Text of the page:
Upon receiving (block 560) this request, MS 120 accesses (block 564) the task definitions portion 134 of storage 122, and obtains the selected task definition therefrom. In addition, MS 120 determines (block 568) the task type of the task definition, and consults (block 572) the association data structures 136 in storage 122 to determine the presentation mechanism object class associated with that task type. MS 120 then provides a response (block 576) to client 130. In one embodiment, this response comprises the presentation mechanism management object class and at least a portion of the selected task definition. As an alternative, the response may include just a reference to the presentation mechanism object class rather than the object class itself.

When client 130 receives this response, it invokes the presentation mechanism object class to create an object class instance. This object class instance then implements logic to provide the user interface for viewing and editing the selected task definition. After the object class is instantiated, client 130 calls the SetOperationalData method of the object class, and passes in the task definition provided by MS 120. This causes the object class to load in the specific definitional information for the selected task definition, and to show that information to the user. The user is thus able to view the selected task definition. The user may thereafter select, set, manipulate, etc. the operations and parameters to modify the task definition.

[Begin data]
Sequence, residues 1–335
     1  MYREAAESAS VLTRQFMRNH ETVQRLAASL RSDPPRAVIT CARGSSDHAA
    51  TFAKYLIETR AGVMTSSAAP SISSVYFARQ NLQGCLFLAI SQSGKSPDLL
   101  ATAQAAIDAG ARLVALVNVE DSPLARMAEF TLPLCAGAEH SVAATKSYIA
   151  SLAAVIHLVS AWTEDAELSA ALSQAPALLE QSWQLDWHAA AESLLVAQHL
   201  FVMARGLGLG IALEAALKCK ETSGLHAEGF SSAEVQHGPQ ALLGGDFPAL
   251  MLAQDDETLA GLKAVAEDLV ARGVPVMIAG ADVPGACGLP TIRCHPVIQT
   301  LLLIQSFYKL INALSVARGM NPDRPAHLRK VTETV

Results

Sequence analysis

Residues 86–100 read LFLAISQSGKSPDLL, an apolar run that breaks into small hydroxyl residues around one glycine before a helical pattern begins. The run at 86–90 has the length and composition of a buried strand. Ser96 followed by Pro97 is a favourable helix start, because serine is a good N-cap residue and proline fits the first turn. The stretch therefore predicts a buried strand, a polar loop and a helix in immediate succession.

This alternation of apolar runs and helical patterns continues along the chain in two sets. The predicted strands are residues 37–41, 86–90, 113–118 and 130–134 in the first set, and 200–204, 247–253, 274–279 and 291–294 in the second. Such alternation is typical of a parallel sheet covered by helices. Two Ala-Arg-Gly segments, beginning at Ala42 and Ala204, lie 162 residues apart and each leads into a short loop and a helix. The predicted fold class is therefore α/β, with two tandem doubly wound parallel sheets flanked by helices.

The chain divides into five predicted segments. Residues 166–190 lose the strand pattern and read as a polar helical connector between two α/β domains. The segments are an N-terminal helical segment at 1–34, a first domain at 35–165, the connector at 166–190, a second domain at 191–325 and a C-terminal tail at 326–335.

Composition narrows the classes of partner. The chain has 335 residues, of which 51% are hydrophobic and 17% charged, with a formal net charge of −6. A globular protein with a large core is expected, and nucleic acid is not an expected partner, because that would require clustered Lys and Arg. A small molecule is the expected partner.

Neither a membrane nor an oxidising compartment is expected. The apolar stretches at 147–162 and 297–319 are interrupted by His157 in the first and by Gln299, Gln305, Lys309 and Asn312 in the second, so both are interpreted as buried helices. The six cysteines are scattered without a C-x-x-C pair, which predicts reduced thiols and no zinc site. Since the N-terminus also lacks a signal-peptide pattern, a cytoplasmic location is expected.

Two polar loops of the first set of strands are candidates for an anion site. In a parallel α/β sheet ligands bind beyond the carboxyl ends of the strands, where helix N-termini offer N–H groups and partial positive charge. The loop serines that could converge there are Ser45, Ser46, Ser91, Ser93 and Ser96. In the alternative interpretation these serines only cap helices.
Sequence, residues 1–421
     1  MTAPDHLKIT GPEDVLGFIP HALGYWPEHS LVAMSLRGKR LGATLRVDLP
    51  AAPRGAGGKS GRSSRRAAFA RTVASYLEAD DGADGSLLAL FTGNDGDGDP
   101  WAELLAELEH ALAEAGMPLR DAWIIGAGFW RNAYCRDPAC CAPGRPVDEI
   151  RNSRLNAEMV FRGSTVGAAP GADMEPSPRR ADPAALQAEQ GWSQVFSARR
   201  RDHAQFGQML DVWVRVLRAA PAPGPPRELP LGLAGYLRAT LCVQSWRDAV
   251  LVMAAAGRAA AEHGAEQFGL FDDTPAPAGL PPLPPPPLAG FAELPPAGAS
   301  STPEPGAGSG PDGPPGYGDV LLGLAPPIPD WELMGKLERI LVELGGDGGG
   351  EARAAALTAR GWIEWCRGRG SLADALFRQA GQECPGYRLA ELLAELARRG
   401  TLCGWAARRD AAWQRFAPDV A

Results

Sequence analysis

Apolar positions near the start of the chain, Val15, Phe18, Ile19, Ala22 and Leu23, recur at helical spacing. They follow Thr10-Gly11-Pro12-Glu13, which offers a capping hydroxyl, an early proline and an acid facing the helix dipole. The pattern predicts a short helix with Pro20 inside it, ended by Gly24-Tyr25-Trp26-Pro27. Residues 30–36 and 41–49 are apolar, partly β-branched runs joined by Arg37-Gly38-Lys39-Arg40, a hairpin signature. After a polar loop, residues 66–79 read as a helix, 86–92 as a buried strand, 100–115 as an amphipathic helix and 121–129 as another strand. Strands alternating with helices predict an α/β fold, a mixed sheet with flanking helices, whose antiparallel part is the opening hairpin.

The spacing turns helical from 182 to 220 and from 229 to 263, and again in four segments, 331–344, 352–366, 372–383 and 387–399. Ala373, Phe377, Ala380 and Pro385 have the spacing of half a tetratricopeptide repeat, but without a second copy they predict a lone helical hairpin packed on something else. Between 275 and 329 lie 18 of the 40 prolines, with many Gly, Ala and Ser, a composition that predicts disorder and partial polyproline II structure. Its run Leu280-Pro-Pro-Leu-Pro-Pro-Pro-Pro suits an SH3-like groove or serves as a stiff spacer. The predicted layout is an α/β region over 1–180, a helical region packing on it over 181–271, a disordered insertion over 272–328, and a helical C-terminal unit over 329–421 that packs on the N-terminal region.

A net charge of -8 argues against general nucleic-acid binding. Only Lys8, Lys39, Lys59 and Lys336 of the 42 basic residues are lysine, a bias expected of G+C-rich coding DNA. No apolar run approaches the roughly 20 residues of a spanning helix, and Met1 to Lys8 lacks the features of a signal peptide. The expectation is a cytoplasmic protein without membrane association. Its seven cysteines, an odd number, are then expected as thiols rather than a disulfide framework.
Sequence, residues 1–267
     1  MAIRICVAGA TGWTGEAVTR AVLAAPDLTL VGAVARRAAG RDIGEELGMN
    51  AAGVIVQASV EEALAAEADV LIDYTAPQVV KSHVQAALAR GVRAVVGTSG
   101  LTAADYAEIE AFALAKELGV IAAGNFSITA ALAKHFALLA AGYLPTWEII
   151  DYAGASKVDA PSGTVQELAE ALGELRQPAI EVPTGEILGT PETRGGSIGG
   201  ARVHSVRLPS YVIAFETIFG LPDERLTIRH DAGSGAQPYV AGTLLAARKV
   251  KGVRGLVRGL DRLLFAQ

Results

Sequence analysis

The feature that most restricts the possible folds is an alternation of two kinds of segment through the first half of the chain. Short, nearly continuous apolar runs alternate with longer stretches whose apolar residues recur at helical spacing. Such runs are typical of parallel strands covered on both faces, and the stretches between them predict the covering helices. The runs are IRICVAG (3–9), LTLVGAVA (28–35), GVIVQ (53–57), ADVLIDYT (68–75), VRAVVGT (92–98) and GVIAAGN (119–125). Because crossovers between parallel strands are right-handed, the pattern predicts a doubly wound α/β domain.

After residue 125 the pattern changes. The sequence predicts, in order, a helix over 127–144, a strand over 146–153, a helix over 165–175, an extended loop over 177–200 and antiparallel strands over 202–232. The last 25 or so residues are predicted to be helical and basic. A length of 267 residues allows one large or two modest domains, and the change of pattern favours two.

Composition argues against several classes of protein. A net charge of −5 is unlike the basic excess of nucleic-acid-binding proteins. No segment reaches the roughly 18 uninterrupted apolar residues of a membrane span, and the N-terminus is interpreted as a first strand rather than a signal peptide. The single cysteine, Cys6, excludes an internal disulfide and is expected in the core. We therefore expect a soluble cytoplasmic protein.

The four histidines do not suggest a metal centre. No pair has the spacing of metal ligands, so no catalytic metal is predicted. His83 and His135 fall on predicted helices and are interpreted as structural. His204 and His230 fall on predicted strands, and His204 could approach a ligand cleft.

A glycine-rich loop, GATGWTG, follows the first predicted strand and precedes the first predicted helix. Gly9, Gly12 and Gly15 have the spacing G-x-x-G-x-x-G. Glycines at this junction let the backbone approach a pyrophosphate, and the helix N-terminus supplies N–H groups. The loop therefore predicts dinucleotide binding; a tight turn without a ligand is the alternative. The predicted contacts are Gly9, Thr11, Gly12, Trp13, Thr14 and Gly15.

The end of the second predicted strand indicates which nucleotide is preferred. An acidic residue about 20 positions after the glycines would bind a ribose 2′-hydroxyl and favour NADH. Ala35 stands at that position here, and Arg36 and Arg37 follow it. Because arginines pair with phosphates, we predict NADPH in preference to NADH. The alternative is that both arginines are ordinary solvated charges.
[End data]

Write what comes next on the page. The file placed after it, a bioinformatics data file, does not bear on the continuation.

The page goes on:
At some point, the user will likely instruct the client 130 to either save a modified version of the task definition, or to delete the task definition. If the instruction is a save instruction, the client 130 behaves in a manner similar to that described for saving a new task definition. That is, client 130 calls the ValidateDate method of the presentation mechanism object instance to validate that all of the definitional information provided by the user is valid. Client 130 then calls the GetOperationalData method of the object instance to cause the object instance to gather up all of the definitional information for the modified task instance, and to package the information in a format that MS 120 and the execution mechanisms will understand. Thereafter, client 130 submits a request to MS 120 to save the modified task definition. On the other hand, if the instruction is a delete instruction, then client 130 submits a request to MS 120 to delete the task definition.